From: firstname.lastname@example.org (Brian Teasley)
Subject: Re: Design of Experiments Workshop in NYC, SF, Miami
Date: 9 Dec 2002 14:46:25 -0800
References: <3DF00F90.email@example.com> <firstname.lastname@example.org>
NNTP-Posting-Date: 9 Dec 2002 22:46:26 GMT
John Larkin wrote in message >
> this is actually an interesting issue. I've read a bit of the DOE
> stuff, and that seems, to me, to be nearly my natural enemy.
> One cannot use DOE to design bridges, skyscrapers, or space shuttles.
> They have to be *right* by design, with small margin for ignorance. If
> electronics and software are designed with similar levels of theory
> and discipline, there's no room or need for DOE or Taguchi techniques.
Sure, I agree with you. I've written some software code myself, and
have been involved in decent sized software development projects as
well. During those times I have never thought of any reason to apply
any DOE techniques.
In reviewing the posts, there might be a little confusion about the
term "test design" that I used. It refers to the way a test is set up,
rather than a specific design of a "product" that is put together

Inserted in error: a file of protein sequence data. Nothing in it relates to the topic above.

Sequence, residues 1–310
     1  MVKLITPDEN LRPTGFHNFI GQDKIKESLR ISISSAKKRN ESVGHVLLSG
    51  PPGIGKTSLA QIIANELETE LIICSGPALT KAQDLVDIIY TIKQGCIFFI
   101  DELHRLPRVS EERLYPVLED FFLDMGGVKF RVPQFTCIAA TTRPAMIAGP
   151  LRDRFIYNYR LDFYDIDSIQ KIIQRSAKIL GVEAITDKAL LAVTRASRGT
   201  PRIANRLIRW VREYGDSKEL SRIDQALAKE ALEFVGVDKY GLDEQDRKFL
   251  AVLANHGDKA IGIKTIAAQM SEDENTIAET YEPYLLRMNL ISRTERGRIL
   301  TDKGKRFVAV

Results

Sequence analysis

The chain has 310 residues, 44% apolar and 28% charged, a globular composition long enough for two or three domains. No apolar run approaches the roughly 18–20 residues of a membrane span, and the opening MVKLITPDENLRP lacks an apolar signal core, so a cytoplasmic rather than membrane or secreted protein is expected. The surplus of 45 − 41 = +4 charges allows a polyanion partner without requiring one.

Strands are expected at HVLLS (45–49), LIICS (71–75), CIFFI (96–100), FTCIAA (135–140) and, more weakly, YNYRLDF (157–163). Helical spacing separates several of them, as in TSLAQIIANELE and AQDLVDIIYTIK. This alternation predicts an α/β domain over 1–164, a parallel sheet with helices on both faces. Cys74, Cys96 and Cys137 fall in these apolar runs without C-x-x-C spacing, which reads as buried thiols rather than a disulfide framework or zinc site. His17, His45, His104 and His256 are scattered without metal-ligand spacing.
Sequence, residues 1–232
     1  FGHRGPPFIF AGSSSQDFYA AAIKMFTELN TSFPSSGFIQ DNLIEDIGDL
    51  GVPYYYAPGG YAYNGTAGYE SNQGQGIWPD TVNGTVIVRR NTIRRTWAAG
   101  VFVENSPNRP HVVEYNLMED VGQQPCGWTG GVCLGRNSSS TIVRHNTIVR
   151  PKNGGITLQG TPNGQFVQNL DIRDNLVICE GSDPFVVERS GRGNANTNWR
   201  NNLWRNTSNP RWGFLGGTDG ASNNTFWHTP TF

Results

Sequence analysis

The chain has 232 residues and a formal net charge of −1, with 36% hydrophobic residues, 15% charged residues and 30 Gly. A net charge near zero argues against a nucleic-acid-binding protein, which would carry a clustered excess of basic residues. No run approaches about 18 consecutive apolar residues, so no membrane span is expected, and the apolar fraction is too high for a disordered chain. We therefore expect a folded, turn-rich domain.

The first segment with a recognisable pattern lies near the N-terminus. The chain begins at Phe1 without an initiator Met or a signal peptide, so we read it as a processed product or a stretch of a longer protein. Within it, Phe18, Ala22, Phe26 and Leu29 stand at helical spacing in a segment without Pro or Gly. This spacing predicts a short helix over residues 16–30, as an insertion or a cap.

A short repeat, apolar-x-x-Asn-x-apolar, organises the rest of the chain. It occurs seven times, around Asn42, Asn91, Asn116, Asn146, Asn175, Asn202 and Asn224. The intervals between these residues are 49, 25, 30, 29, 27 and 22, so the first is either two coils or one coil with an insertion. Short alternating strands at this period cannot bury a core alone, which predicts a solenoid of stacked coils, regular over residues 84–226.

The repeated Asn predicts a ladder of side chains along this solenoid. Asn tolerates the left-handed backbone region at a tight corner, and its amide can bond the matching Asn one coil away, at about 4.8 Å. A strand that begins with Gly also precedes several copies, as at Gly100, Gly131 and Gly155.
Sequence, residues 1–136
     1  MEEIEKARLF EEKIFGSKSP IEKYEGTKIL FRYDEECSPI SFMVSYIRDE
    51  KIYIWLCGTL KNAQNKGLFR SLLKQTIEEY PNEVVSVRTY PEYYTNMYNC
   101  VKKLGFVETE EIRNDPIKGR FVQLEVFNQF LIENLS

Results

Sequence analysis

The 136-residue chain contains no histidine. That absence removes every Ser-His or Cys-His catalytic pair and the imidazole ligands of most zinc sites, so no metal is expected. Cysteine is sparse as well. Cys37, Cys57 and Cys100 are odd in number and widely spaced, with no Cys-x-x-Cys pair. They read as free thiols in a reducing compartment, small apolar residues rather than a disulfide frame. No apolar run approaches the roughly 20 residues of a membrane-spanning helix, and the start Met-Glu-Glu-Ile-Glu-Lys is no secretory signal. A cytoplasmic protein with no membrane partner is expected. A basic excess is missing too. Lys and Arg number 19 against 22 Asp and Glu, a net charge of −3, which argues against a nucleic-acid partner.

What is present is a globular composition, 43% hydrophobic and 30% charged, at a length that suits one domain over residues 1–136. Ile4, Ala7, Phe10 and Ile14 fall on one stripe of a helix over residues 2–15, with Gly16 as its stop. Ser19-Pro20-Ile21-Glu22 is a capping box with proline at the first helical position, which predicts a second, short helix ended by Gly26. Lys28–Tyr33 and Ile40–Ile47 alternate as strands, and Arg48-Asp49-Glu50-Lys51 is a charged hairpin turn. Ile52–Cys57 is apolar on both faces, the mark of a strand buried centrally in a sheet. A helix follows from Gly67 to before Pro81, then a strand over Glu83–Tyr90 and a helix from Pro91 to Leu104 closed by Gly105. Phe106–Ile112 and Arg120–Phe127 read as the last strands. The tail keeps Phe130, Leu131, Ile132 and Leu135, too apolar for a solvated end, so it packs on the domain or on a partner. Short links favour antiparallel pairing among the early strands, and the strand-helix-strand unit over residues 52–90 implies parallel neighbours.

solely for a test.
DOE methods are used when you do NOT know exactly how a process works.
If your designed skyscraper is using some new type of glass, there are
plenty of temperatures and times and chemicals, etc., that influence
the thickness, strength, opaqueness (?), etc., of the glass. What is
the optimal combination of chemicals levels, temperatures, etc. to
make the glass?
A "Full Factorial test design" would be an experiment in which you
test all combinations of your chosen variables and their selected
levels. You conduct your "test" or experiment, and carefully analyze
the glass thickness (or opaqueness, or whatever) against all of the
different settings of the different variables.
As for the space shuttle, I know they DO run simulations to test
designs, and they have some very serious computers to do the work. How
do different angles of attack (when landing) and ambient temperatures,
humidities, etc., effect the shuttle? (Including the nose cone and the
famous "tiles"). The manufacturing of the tiles is certainly an area
for DOE application. I haven't been involved in the shuttle
simulations directly, so I don't know if they use DOE in any way or
not, or even exactly what it is that they are simulating. I have been
involved in the manufacturing of parts for the project, and DOE
certainly is used in along the way.